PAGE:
Trustees have a duty to give interested parties adequate information about the administration of the trust or estate and the material facts necessary for them to protect their interests. Trustees must also respond within a reasonable time to requests for administrative information from beneficiaries. The required frequency of regular accounting and reporting depends on the applicable instrument and law and the trustee should comply with those requirements. The trustee must also keep sufficient records to explain and track all transactions, detailing time spent, receipts, disbursements, etc.

#6 – Take preventative and remedial action

A trustee can take a few other preventive measures to prevent conflict and litigation while protecting themselves. For example, a fiduciary may obtain court approval of its records and activities. In advance, a trustee may obtain court approval or direction on matters in dispute, such as: B. amending the document, approving fees and confirming proposed actions. Seeking legal assistance is allowed and even encouraged to reduce conflict and risk.

#7 – Understand the tax implications

A trustee should be aware of how the trust or estate may be affected by tax concerns. At this time, potential changes in the taxation of capital gains could affect a portfolio of fiduciary investments or decisions about the realization of gains. A generational leap tax-exempt trust may be managed very differently and may have different investment objectives than a non-exempt trust. The decision whether to accumulate or distribute income may have tax implications for the trust towards its beneficiaries which need to be considered. Therefore, a trustee should have competent tax advice to advise on these considerations, recognizing that the duties are more than filing an income tax return.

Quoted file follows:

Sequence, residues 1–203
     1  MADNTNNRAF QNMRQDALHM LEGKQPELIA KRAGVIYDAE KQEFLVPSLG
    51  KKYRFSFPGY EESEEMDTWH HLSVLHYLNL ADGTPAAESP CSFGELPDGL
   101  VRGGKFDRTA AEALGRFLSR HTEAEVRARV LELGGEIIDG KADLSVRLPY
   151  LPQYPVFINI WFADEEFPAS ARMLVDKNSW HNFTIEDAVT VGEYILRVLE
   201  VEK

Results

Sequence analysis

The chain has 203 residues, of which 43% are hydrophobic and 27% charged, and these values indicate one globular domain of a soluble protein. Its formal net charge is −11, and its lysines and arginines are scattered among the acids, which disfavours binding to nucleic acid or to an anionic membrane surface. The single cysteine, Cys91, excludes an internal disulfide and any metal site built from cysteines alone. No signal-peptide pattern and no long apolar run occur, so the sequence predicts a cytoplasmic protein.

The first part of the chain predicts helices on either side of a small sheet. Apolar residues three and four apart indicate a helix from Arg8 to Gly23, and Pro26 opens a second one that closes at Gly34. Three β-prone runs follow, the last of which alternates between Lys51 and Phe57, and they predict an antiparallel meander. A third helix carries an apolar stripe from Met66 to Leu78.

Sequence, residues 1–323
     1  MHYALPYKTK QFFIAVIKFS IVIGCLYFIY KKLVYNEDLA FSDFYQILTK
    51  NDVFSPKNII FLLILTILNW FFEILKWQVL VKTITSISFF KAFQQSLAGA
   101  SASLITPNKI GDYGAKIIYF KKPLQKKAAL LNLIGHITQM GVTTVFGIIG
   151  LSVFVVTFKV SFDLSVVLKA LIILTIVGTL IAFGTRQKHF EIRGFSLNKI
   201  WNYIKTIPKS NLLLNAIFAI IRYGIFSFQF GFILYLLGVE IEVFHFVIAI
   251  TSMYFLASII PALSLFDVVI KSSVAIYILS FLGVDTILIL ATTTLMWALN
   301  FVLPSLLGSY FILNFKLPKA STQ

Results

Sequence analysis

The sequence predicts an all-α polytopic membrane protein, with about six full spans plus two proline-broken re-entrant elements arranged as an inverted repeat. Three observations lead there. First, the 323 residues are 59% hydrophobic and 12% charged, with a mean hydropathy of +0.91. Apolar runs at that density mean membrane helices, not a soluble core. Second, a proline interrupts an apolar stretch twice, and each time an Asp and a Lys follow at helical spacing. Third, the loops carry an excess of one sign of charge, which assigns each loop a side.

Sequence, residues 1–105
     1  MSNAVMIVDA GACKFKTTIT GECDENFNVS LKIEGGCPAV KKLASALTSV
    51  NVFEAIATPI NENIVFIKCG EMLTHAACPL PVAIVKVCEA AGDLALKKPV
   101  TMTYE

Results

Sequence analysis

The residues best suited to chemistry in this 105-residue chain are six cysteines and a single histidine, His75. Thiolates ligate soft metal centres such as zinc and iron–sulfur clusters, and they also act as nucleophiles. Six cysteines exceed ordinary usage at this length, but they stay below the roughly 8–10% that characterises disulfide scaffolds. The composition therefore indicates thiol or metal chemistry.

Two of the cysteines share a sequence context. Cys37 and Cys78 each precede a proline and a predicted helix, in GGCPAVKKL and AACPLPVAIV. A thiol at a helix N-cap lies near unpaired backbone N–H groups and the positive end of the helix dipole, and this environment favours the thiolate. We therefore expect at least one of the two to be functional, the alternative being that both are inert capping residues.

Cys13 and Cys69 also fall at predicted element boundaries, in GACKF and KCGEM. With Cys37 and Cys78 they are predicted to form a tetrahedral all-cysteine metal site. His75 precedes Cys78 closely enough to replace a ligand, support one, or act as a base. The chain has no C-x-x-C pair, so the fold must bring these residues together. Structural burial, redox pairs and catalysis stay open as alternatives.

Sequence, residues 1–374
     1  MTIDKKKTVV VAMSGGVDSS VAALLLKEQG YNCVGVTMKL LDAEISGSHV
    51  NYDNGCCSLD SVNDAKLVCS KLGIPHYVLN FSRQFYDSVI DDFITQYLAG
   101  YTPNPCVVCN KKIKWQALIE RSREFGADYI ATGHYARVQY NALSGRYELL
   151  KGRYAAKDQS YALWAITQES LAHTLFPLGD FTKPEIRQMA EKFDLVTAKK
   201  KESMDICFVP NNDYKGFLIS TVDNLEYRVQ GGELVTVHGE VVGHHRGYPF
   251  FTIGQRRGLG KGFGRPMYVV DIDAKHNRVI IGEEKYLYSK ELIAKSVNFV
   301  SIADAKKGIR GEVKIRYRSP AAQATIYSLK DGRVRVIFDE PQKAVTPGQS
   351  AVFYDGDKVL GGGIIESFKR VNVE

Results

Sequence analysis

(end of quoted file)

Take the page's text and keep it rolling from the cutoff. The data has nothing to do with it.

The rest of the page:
#8 – Familiarize yourself with litigation costs

A trustee who breaches a duty may be held liable for damages caused by that breach. A personal surcharge for monetary damages may be imposed on the trustee for loss of profits, loss of use of property, unjust enrichment, civil theft or punitive damages. In addition, the trustee may be directed to surrender or return any property or profits. Aside from financial damage, a trustee’s reputation or relationships can also be adversely affected by litigation.

#9 – Understand the role of legal counsel

Legal counsel can help trustees navigate and mitigate conflicts. The Counsel can provide proactive advice on administrative issues throughout the process or be a new pair of eyes on difficult issues. Counsel can be a new voice and perspective when dealing with interested parties. Trustees should not hesitate to consult legal counsel. It is better to seek legal advice at the first sign of trouble, or even before, than to wait until a lawsuit has already been filed, when containing costs and managing the relationship and reputation can be more difficult.

Following the tips above can help a trustee better fulfill their duties and manage the relationship with the beneficiaries of the trust or estate and other interested parties. Where a trustee may be beset with potential problems, conflicts and liabilities, it is vitally important to avoid these problems – prior to litigation.